The amount of “Making it Right” BP is going to do is purely a function of some number-crunching cost/benefit analysis. They spend money on ads because they’re more interested in cleaning up their image than cleaning up the Gulf. A clean image means increased profits; a clean Gulf means financial losses in the form of remediation and wildlife rehabilitation costs and Clean Water Act fines.

So while they’re working hard, with a whole lot of fanfare, in street festivals and in TV commercials to make it right, they’re quietly working even harder behind closed doors in Washington to make it all wrong.

In DC, they’re undercutting the American public and our Gulf Coast communities, ensuring that at the bottom line of the ledger, they protect their shareholder profits.

This shouldn’t be news. From day one, BP has tirelessly downplayed the number of barrels of oil that gushed into the Gulf waterways during their 87-day disaster. Remember when they claimed only a 1,000 barrels a day, and then, when pressed, 5,000? That whole time, their internal documents that were turned over to Congress had BP admitting that in truth, 100,000 barrels a day could have been pouring from their blown well.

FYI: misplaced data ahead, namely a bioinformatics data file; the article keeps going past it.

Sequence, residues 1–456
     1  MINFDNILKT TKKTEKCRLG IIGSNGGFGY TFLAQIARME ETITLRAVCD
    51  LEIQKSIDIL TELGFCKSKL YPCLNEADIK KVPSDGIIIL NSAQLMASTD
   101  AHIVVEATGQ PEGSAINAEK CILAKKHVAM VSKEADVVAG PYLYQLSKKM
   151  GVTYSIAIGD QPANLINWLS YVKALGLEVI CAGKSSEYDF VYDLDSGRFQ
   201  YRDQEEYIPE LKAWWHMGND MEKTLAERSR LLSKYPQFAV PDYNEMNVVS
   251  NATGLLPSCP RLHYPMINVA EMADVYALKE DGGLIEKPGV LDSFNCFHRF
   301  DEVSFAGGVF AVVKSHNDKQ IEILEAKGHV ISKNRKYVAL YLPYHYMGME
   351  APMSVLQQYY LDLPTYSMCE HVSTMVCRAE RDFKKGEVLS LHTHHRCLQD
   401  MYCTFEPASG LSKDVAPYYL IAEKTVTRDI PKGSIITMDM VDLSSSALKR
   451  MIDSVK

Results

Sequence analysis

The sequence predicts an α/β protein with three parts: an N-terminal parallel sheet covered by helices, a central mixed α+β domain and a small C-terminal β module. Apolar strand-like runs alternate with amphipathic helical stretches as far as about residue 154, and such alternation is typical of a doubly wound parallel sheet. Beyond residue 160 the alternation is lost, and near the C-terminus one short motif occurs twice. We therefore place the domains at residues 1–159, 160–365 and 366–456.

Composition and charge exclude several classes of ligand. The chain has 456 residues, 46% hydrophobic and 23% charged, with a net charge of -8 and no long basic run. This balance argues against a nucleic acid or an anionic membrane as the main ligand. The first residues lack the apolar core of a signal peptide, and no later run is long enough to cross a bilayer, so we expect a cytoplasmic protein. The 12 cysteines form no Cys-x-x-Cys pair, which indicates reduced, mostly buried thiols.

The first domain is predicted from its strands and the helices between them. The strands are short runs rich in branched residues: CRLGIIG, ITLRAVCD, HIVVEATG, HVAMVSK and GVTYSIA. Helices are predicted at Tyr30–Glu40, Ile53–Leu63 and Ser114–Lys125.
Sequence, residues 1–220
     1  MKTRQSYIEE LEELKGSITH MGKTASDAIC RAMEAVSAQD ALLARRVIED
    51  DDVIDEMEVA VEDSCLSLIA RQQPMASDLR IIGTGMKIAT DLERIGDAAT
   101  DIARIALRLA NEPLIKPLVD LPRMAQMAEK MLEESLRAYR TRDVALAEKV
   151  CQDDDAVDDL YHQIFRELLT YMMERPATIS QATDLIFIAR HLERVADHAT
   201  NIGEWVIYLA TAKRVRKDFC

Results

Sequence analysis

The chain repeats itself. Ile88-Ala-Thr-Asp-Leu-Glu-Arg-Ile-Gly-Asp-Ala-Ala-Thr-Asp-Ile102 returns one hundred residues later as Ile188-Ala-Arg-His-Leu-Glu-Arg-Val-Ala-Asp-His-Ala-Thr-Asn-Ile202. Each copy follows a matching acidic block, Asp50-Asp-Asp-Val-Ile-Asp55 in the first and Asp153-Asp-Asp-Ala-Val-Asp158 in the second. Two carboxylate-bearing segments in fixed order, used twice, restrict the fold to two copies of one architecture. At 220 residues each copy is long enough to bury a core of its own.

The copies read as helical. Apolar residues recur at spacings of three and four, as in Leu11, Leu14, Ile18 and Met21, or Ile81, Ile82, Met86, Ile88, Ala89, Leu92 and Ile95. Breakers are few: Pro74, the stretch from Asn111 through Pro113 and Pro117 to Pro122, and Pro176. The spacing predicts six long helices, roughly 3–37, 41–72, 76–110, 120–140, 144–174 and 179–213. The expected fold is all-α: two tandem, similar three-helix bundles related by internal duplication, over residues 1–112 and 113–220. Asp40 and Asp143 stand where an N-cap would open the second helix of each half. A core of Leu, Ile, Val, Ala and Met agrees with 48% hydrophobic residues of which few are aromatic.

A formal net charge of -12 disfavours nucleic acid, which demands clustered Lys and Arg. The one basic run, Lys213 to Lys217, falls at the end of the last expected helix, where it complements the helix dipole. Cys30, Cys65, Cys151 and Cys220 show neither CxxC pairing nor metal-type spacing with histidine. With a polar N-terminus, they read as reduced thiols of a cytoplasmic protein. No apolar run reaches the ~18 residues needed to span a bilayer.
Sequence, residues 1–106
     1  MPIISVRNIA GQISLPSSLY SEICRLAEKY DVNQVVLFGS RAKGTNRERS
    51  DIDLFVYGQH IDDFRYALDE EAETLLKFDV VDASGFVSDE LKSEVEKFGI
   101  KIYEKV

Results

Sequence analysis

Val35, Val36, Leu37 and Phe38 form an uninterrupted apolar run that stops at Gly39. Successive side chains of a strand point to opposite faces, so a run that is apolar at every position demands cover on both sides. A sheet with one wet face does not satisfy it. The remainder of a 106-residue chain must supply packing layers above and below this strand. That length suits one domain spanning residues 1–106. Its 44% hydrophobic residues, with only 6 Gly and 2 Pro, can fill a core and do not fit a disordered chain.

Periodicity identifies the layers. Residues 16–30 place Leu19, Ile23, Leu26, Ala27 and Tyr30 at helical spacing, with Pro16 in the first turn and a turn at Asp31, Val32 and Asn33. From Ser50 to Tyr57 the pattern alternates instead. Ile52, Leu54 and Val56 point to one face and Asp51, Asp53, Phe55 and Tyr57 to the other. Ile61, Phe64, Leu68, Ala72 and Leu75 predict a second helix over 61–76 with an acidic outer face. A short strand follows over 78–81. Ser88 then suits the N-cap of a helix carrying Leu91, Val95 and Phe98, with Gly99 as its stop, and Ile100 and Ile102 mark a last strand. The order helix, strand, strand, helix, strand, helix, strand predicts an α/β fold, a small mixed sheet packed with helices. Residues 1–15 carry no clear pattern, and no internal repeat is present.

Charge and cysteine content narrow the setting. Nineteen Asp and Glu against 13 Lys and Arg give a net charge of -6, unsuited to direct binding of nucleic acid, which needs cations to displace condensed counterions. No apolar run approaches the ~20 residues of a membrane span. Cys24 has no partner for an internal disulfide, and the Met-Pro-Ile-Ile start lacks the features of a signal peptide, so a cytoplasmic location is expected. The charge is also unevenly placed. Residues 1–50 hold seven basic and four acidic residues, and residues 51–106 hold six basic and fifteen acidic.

Even today, in the midst of their “Making it Right” push, BP still struggles mightily to re-shape the truth.

It is now rumors that BP is lobbying hard in private meeting rooms at the Environmental Protection Agency to once again minimize their impacts and stick a make-believe low number on the amount of barrels that poured forth per day from their disastrously faulty oil rig.